After further investigation the navy determined that 78 enlisted sailors were implicated. Although the cheating is believed to have been confined to a single unit at Charleston and apparently was not known to commanding officers, the misconduct had been happening since at least 2007, according to Adm. John M. Richardson, director of naval reactors. The exact start of the cheating was not pinpointed.

“There was never any question” that the reactors were being operated safely, he said in an AP interview, yet the cheating was a stunning violation of navy ethics.

Woman sentenced in plot to steal U.S. nuclear secrets

(Reuters) - A 71-year-old former contractor at Los Alamos National Laboratory has been sentenced to a year and a day in federal prison after admitting conspiring with her physicist husband to sell U.S. nuclear secrets, prosecutors said on Wednesday.

Marjorie Roxby Mascheroni pleaded guilty last year to plotting to pass classified nuclear weapons data to a person they believed to be a Venezuelan government official. Her husband Pedro Leonardo Mascheroni, 79, has also pleaded guilty.

Elizabeth Martinez, a spokeswoman for the U.S. Attorney's Office in Albuquerque, said in a statement that the sentence was handed down by U.S. District Judge William P. Johnson.

According to court documents, Pedro Mascheroni, a Ph.D. physicist, worked as a scientist at the facility in New Mexico from 1979 to 1988. His wife was employed there from 1981 to 2010, and her duties included technical writing and editing.

Both held security clearances that gave them access to some classified information, including "Restricted Data."

Martinez said in her statement that Restricted Data includes classified material about the design, manufacture or use of atomic weapons, the production of special nuclear material, or the use of that material in energy production.

"The indictment ... did not allege that the government of Venezuela or anyone acting on its behalf sought or was passed any classified information, nor did it charge any Venezuelan government officials or anyone acting on their behalf with wrongdoing," Martinez said.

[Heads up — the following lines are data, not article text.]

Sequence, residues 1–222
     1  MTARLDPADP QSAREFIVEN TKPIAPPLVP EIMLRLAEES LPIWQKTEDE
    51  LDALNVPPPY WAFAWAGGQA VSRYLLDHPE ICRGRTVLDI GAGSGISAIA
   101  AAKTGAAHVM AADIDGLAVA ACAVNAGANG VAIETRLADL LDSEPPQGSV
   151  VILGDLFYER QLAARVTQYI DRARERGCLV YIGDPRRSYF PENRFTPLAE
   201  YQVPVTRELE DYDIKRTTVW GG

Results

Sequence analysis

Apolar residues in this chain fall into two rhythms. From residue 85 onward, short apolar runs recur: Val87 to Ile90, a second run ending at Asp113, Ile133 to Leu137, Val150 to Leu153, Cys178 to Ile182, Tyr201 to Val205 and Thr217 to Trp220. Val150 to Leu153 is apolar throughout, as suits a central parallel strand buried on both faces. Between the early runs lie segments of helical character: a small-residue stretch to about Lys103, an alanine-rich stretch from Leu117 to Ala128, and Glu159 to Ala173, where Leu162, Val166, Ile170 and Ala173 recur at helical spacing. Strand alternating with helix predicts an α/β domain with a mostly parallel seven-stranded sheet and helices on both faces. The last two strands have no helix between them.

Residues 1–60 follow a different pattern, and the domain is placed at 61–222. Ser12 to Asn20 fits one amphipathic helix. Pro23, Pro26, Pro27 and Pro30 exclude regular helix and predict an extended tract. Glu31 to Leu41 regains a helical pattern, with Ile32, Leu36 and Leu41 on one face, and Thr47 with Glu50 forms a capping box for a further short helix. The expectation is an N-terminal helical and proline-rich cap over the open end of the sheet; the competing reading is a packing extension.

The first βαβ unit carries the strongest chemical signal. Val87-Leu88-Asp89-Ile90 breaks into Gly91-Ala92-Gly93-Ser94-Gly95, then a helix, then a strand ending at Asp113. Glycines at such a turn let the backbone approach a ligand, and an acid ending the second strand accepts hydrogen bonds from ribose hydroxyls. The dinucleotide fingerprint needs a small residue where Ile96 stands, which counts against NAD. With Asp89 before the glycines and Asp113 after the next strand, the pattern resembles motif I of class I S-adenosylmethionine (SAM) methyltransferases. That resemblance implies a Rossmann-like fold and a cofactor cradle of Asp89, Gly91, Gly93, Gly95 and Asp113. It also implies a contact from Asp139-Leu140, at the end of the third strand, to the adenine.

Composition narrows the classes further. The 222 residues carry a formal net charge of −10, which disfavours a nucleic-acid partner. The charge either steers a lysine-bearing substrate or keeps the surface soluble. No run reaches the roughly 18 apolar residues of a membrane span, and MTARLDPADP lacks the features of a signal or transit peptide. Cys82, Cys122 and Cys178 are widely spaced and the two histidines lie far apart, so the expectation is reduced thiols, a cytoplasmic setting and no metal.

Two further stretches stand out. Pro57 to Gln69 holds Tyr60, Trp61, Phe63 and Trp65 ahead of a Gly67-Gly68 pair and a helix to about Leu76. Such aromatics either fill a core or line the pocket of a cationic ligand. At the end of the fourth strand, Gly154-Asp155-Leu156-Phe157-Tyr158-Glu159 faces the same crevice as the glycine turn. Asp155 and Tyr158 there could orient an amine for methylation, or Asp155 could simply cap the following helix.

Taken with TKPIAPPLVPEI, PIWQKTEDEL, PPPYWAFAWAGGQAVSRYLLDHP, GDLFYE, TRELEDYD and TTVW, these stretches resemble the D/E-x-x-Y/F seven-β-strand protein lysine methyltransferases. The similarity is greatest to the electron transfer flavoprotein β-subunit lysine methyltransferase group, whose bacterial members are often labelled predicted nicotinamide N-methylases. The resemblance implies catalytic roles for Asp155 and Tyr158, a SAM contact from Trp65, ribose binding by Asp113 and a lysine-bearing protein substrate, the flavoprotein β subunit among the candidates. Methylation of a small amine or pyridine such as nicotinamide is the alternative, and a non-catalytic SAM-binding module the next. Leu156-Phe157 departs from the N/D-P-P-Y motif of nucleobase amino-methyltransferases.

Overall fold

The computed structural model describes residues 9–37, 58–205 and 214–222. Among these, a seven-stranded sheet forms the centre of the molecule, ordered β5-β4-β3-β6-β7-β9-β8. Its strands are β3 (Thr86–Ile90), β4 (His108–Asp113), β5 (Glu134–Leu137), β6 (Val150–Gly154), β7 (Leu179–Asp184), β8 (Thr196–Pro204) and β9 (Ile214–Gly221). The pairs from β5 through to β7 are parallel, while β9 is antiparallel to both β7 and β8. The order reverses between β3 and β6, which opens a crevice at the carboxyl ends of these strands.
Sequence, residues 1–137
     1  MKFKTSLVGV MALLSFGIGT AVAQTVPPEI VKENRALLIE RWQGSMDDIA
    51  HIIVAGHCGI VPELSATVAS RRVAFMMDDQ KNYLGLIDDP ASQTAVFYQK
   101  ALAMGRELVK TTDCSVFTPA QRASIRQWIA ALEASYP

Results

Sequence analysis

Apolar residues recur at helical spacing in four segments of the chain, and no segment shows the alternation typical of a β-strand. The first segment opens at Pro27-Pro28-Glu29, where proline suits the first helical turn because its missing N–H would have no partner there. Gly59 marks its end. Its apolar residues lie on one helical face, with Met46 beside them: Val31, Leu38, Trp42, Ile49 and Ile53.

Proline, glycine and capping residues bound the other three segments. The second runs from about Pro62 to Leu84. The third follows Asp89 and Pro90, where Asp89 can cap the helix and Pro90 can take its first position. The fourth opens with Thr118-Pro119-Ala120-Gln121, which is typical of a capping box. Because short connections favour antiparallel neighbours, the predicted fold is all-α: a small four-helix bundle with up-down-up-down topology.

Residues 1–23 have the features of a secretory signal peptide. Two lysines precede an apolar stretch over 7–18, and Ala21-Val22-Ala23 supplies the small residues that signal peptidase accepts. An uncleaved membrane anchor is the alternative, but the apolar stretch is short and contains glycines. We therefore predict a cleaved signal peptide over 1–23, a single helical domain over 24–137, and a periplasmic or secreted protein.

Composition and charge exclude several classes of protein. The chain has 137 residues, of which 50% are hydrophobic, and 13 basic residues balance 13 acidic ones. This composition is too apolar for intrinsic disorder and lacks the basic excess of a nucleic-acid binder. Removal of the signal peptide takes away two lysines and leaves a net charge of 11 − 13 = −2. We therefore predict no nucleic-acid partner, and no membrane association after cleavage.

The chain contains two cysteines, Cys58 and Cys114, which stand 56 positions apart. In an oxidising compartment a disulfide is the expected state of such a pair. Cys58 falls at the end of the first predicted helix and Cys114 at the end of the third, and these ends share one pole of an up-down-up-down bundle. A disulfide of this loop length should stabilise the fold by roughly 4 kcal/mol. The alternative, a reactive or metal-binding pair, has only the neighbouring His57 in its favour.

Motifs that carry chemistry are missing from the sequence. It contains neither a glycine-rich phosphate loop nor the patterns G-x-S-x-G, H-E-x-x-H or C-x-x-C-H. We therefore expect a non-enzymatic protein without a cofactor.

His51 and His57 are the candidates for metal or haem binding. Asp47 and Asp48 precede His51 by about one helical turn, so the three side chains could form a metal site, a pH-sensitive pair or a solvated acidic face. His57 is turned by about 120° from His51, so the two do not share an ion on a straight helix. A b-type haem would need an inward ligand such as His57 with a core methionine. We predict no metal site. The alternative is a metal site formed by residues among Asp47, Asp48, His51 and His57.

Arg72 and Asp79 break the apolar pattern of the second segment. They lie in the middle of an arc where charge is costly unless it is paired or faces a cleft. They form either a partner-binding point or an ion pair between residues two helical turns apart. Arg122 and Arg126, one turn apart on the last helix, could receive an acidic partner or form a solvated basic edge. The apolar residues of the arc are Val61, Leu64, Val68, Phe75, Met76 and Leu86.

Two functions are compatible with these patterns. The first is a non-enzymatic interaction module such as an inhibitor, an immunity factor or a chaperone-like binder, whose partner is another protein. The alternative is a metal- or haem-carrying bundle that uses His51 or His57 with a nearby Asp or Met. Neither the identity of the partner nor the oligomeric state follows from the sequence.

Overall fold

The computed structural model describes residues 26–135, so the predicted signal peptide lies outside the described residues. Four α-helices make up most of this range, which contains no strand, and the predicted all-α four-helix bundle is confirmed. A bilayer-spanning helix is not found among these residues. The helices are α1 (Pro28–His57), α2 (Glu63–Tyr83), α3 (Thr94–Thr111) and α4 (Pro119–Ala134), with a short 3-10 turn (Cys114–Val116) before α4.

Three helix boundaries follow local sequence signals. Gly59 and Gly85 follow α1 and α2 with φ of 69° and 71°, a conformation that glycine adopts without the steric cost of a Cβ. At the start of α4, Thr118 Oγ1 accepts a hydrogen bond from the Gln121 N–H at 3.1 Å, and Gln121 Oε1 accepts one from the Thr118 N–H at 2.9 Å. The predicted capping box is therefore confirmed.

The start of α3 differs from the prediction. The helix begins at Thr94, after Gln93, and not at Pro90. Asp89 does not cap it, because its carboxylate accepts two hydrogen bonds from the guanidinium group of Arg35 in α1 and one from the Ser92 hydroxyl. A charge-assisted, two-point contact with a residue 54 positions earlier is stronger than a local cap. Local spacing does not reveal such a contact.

Nuclear workers learn about medical benefits at town hall meetings

For more than a decade, John Sullivent worked construction at Savannah River Site, where he was exposed to asbestos and other materials that damaged his respiratory system. Now, he is one of thousands of former nuclear weapons workers collecting medical benefits from the federal government.

“It made my life a whole lot easier,” said Sullivent, of Harlem. “I wouldn’t have been able to retire if I didn’t have the financial assistance.”

Sullivent attended a town hall meeting Wednesday at the North Augusta Municipal Building, where Department of Labor officials presented information on the Energy Employees Occupational Illness Compensation Program. The program began in 2001 to compensate nuclear workers for work-related medical expenses.

Hundreds, mainly former Savannah River Site employees, attended two meetings to learn more about filing claims. Rachel Leiton, the director of the program, said by phone Wednesday that the meetings were an effort to enroll as many eligible people in the program as possible.

“We are constantly trying to reach out to people,” she said. “Our goal is to pay people who are eligible.”

Common illnesses of people who receive the compensation are lung cancer, beryllium disease, chronic silicosis, asbestosis, emphysema and chronic obstructive pulmonary disease, Leiton said.

Claimants can be reimbursed for office visits, prescription medicine, chemotherapy, radiation treatment, medical travel expenses, medical equipment, hospice, home health care and other expenses.

Breezy Summer: Record 22% Of UK Electricity From Wind Power

On shore and off shore wind turbines in the U.K. generated 22% of the nation's electricity on Sunday, August 17 - a figure that exceeds that of the 13% generated by coal energy. The figures come from Renewable UK, which notes that the previous one day record for wind power generation was 21%.